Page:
And briefly:

Compliance Weeds: This matter, along with prior CME disciplinary actions, establishes that CME position limit violations may occur under three circumstances: (1) an actual violation of stated position limits computed after the end of a trading day, (2) an actual violation of position limits computed during the course of a trading day, and (3) a potential violation of position limits should a bid or offer, if executed, cause a position limit violation -- even if the bid or offer is not executed. (The CFTC and ICE Futures also expressly prohibit end-of-day and intra-day position limit violations; e.g., see a CFTC 2010 Division of Market Oversight advisory by clicking here.) Members and non-members of the CME should adapt their systems accordingly to ensure they do not inadvertenly violate position limits under these three distinct scenarios (keep in mind, that non-members submit themselves to the jurisdiction of the CME solely by trading on CME).

And even more briefly:

Compliance Weeds: Preparing and filing risk management reports are not the only new enhanced customer protection requirements that FCMs must implement by July 14. As of that day, FCMs must (1) use standardized depository acknowledgement letters for all their existing and new customer funds depository relationships -- except with designated clearing organizations (and depositories must be compliant with the CFTC's access and examination requirements); (2) use firm-specific risk disclosures; and (3) enhance their websites to disclose historical segregation and other financial information. Self-regulatory organizations must also file their supervisory programs with the Commission by July 14 too. (For more details on the Commission's new enhanced customer protection requirements, see the October 30, 2013 special article "CFTC Adopts More Stringent Customer Funds Protection Rules" on this website by clicking here.)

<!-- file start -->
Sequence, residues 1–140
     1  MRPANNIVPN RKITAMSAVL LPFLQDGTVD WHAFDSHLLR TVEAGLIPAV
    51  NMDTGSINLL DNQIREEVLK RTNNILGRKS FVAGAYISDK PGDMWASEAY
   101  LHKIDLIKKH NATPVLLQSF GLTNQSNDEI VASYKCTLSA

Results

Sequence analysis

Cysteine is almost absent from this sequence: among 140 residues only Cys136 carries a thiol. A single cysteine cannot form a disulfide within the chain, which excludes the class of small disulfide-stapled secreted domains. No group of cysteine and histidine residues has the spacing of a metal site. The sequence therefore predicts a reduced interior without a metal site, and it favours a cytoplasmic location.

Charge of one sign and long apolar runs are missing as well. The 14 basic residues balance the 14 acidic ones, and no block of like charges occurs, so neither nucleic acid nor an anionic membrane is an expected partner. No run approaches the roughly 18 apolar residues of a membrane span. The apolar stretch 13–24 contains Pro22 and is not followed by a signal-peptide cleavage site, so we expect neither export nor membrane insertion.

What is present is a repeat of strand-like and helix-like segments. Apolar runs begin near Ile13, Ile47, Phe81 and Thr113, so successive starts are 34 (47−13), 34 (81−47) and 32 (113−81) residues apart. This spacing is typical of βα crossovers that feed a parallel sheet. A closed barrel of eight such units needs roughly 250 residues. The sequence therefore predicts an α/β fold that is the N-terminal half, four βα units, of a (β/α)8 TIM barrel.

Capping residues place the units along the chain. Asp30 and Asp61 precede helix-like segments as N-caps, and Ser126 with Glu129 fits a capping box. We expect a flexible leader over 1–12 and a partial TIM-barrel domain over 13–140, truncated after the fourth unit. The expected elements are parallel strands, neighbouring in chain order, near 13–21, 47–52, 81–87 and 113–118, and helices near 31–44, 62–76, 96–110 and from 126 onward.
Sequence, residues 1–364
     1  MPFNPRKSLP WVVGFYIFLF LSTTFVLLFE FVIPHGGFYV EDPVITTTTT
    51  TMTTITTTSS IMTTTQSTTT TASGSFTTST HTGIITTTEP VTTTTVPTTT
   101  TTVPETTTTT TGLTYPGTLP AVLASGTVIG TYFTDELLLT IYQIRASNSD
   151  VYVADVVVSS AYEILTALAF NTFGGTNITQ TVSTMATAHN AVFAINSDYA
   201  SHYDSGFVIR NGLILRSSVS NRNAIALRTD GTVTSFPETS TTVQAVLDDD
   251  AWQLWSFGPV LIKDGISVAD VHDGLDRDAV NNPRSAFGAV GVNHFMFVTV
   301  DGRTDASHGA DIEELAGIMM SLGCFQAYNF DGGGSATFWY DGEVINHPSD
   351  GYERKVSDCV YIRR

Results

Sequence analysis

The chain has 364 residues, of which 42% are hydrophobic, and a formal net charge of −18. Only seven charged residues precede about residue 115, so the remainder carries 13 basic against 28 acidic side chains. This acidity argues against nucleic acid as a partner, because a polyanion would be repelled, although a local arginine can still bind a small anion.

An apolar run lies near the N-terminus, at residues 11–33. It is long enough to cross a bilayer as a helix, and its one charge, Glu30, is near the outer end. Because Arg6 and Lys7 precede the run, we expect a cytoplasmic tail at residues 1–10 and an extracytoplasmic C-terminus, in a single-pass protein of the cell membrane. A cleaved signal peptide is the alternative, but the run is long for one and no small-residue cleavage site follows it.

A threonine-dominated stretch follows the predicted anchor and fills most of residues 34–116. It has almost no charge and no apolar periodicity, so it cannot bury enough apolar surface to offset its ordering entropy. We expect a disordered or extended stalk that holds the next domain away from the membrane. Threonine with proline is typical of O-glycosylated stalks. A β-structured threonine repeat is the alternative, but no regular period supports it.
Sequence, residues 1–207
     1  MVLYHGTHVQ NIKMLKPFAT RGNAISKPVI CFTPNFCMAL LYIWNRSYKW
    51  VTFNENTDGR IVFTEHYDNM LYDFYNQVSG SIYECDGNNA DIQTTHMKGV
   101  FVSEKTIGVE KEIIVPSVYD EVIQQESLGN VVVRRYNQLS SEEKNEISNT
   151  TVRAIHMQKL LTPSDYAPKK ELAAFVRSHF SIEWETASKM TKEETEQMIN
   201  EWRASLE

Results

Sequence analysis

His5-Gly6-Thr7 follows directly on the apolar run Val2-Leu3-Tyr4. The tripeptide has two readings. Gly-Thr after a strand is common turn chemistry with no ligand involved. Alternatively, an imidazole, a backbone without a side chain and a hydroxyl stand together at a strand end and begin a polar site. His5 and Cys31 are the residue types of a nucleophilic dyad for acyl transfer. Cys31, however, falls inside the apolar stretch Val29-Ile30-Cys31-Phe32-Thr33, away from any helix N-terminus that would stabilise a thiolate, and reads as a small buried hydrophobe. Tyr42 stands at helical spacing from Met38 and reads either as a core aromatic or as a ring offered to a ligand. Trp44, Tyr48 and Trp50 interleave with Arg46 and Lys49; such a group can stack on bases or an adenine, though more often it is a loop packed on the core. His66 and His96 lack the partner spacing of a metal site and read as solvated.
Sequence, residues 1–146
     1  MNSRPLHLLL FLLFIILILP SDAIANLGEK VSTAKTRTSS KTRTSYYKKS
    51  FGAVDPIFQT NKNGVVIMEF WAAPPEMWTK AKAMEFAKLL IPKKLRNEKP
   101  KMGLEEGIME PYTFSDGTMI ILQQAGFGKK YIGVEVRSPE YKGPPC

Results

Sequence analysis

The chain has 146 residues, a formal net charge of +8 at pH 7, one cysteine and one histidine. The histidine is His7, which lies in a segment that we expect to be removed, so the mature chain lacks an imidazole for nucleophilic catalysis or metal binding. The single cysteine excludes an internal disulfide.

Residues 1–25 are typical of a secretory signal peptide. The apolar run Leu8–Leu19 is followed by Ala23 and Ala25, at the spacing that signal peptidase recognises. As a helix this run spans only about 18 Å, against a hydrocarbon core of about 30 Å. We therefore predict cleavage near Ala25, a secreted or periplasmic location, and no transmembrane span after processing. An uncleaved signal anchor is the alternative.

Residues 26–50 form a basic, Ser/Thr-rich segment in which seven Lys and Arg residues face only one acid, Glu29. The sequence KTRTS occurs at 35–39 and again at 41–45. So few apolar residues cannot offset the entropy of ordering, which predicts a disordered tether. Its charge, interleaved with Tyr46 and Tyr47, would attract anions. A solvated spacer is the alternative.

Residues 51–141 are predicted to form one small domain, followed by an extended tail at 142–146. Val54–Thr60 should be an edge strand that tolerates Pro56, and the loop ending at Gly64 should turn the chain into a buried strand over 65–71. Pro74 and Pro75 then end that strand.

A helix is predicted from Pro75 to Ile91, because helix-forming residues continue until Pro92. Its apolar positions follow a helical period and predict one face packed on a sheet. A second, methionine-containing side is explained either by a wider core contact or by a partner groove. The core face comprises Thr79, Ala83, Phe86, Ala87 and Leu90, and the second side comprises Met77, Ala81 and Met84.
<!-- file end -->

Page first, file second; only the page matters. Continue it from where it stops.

For more information, see:

BNP Paribas Settles for Payment of Almost US $9 Billion for Processing Transactions Through the US Financial System with Countries Subject to US Sanctions:

See also:

BNP Statement:
NYS Action (by the Manhattan District Attorney):

CFTC Issues Revised Technical Guidance Re: OCR:

CFTC Extends Time Period of No-Action Relief Related to Certain Valuation Data Reporting Requirements:

CME Group Disciplinary Action: Daniel T. Zagorin:

EC Commissioner Barnier Close to Recommending That CCPs in Five Jurisdictions Are Subject to Equivalent Regulation As in the EU; CCPs in the US Not Included for Now:

ESMA Publishes Retail Guide to MiFID II and MiFIR:

FINRA Begins Dissemination of Transaction Data Related to Resales of Restricted Corporate Debt Securities to Large Institutions:

In re Kellogg Brown & Root, et al:$file/14-5055-1499662.pdf

JAC Reminds FCMs to File Their Risk Management Policies and Procedures With the CFTC and DSRO By July 14:

NFA Reminds Swap Dealers and MSPs That There Are Mandatory Filings for New and Departed CCOs:

SEC Approves FINRA Rule Concerning Self-Trades:

The information in this article is for informational purposes only and is derived from sources believed to be reliable as of July 3, 2014. No representation or warranty is made regarding the accuracy of any statement or information in this article. Also, the information in this article is not intended as a substitute for legal counsel, and is not intended to create, and receipt of it does not constitute, a lawyer-client relationship. The impact of the law for any particular situation depends on a variety of factors; therefore, readers of this article should not act upon any information in the article without seeking professional legal counsel. Katten Muchin Rosenman LLP and/or Gary DeWaal may represent one or more entities mentioned in this article.